Greg Smith <[EMAIL PROTECTED]> writes:
> On Mon, 2 Jul 2007, Tom Lane wrote:
>>> # wal_buffers = 1MB
>> Is there really evidence in favor of such a high setting for this,
>> either?

> I noticed consistant improvements in throughput on pgbench results with 
> lots of clients going from the default to 256KB, flatlining above that; it 
> seemed sufficiently large for any system I've used.  I've taken to using 
> 1MB anyway nowadays because others suggested that number, and it seemed to 
> be well beyond the useful range and thus never likely to throttle 
> anything.  Is there any downside to it being larger than necessary beyond 
> what seems like a trivial amount of additional RAM?

There might be some value in keeping wal_buffers small enough to fit in
L2 cache; not sure.

But pgbench is not really the poster child for large wal_buffers,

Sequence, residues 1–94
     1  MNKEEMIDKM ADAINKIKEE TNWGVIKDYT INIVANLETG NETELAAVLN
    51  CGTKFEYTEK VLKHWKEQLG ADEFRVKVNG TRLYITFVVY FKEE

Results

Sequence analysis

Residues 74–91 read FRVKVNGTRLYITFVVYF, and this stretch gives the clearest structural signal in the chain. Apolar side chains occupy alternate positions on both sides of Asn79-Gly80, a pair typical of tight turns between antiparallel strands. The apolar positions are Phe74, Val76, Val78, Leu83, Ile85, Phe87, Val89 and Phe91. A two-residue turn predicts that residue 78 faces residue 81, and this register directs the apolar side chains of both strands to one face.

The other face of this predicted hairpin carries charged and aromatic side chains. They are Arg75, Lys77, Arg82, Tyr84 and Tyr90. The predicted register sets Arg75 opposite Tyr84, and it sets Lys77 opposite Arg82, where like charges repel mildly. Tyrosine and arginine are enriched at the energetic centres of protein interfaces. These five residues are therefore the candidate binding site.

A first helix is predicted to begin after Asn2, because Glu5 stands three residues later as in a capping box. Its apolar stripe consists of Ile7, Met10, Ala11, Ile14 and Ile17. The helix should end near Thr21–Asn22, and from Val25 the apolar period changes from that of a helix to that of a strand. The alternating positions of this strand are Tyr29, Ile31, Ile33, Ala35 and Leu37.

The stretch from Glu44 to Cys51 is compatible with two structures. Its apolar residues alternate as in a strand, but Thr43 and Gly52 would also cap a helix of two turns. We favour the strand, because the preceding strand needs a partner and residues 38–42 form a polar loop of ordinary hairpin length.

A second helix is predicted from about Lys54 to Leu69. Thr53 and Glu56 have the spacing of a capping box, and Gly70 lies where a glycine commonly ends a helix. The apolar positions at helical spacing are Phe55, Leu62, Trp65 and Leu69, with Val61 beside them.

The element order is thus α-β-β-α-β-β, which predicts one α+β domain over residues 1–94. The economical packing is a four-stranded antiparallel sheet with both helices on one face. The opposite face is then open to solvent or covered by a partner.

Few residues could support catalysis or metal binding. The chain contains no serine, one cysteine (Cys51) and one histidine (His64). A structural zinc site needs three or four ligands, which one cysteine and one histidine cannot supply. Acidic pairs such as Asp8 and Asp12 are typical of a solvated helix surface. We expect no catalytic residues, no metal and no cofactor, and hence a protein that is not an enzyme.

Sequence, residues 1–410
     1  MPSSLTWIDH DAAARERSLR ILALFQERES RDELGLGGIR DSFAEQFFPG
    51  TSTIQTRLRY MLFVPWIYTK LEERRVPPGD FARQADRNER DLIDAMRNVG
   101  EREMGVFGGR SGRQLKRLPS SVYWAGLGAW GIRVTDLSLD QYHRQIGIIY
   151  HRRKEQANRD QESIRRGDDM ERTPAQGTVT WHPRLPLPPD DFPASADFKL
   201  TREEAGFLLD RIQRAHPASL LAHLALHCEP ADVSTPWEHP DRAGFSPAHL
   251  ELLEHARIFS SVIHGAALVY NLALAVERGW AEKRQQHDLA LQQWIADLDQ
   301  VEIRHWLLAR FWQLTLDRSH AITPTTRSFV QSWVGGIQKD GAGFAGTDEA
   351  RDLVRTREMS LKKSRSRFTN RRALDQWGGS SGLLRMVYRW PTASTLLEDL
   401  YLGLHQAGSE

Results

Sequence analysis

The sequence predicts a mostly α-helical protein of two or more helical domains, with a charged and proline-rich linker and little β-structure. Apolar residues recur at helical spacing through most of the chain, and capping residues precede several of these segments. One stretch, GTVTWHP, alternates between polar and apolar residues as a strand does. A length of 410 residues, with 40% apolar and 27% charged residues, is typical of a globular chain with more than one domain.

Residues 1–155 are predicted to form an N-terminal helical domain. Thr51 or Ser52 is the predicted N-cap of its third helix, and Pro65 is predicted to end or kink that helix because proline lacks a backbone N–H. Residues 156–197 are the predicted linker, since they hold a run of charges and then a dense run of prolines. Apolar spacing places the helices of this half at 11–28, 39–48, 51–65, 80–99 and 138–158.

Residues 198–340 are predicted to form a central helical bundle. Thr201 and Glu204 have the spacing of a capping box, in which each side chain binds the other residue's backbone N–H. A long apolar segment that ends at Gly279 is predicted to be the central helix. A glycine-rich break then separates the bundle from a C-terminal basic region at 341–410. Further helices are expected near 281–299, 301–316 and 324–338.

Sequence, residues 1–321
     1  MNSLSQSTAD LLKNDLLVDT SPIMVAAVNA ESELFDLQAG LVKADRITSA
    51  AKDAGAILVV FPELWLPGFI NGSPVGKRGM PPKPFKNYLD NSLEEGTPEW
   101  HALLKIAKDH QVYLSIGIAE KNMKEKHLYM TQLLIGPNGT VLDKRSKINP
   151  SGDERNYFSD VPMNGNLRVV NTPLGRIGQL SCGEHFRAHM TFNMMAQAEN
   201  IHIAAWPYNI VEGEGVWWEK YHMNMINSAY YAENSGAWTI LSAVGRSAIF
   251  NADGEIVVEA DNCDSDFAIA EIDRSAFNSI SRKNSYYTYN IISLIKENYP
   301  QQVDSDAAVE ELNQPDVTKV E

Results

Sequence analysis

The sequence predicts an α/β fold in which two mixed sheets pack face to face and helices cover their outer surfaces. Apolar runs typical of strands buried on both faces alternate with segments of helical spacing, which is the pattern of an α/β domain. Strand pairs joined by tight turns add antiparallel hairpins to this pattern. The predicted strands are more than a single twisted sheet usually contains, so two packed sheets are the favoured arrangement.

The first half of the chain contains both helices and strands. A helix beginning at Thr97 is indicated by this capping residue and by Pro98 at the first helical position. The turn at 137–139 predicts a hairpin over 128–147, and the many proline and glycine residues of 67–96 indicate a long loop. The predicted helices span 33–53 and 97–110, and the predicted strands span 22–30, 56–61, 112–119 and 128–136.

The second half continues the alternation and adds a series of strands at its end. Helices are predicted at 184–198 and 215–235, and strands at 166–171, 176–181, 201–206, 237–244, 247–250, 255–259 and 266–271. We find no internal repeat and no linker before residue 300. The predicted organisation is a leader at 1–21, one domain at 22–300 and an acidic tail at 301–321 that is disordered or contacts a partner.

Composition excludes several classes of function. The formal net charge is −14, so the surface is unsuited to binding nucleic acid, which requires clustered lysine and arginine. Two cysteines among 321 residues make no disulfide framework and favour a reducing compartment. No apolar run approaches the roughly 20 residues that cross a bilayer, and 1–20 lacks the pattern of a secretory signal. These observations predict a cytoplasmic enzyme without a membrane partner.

because it consists exclusively of short transactions.  The gain from
enlarging wal_buffers stops the moment it passes your largest
time-between-commits, since a commit has to flush out whatever's in

There's probably not much point in arguing this now, though; once the
async commit patch is in there we will have to re-measure all the
behavior and develop new recommendations (and, quite possibly, a new
default value).  The existence of the walwriter will reduce the useful
size of wal_buffers, but the existence of async commit might increase it.

                        regards, tom lane

---------------------------(end of broadcast)---------------------------
TIP 3: Have you checked our extensive FAQ?


Reply via email to